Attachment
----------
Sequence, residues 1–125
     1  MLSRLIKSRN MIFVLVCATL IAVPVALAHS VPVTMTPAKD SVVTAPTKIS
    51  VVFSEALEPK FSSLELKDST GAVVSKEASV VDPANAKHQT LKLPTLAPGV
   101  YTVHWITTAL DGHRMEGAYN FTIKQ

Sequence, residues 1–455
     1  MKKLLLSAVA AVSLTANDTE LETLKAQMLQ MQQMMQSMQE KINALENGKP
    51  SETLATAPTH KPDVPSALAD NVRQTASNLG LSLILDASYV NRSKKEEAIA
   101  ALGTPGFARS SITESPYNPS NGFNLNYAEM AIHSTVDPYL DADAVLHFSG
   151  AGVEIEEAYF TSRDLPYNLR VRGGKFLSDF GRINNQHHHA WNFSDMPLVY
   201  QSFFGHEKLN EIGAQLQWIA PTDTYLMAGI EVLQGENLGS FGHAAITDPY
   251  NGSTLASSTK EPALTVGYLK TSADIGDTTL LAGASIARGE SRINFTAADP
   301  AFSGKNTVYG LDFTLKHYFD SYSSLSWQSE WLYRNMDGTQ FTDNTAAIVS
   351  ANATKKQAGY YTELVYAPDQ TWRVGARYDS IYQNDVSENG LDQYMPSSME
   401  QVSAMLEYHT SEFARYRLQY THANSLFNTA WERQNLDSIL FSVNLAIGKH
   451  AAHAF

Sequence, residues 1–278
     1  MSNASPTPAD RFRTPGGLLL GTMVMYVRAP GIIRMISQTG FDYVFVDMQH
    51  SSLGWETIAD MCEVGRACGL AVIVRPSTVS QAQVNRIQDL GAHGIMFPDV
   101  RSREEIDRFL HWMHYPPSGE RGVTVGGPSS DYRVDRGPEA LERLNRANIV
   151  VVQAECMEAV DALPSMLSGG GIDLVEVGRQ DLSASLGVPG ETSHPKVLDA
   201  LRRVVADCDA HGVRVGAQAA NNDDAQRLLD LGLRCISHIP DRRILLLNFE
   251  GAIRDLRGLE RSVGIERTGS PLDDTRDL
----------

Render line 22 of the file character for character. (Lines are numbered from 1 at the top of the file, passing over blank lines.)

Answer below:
   251  GAIRDLRGLE RSVGIERTGS PLDDTRDL